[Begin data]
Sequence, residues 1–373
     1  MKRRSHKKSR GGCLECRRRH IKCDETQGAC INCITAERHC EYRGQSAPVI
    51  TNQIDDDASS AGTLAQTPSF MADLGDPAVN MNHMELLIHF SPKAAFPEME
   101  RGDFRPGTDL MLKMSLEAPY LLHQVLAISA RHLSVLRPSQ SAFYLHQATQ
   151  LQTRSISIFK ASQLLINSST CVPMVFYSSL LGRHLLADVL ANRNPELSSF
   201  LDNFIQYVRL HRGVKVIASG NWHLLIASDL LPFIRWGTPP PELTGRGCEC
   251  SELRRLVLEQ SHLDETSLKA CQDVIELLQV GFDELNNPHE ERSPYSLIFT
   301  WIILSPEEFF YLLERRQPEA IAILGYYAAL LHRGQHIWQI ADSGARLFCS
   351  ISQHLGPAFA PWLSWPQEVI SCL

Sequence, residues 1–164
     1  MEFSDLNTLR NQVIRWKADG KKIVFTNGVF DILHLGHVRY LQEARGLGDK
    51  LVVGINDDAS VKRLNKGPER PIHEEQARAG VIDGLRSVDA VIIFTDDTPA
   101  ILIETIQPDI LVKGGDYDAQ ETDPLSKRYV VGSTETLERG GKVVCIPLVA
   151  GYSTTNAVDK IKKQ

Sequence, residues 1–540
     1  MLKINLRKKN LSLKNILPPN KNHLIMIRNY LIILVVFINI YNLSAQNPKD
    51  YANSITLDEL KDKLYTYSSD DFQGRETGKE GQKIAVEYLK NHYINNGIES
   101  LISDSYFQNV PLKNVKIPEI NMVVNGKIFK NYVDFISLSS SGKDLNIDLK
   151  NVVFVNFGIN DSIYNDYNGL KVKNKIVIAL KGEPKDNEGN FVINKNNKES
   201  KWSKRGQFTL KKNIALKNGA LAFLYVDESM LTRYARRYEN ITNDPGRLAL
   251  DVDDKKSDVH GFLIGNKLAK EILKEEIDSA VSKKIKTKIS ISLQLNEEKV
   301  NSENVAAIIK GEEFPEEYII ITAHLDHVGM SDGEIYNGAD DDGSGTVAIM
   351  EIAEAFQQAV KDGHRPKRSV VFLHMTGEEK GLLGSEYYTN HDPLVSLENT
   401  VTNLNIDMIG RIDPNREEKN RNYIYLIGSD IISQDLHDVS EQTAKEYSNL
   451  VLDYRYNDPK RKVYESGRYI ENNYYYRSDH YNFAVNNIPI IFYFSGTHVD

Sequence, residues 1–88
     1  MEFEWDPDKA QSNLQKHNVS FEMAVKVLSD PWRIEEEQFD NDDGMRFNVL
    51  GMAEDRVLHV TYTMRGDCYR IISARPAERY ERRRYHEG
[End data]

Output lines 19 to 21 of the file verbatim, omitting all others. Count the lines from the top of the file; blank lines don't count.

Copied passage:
   151  NVVFVNFGIN DSIYNDYNGL KVKNKIVIAL KGEPKDNEGN FVINKNNKES
   201  KWSKRGQFTL KKNIALKNGA LAFLYVDESM LTRYARRYEN ITNDPGRLAL
   251  DVDDKKSDVH GFLIGNKLAK EILKEEIDSA VSKKIKTKIS ISLQLNEEKV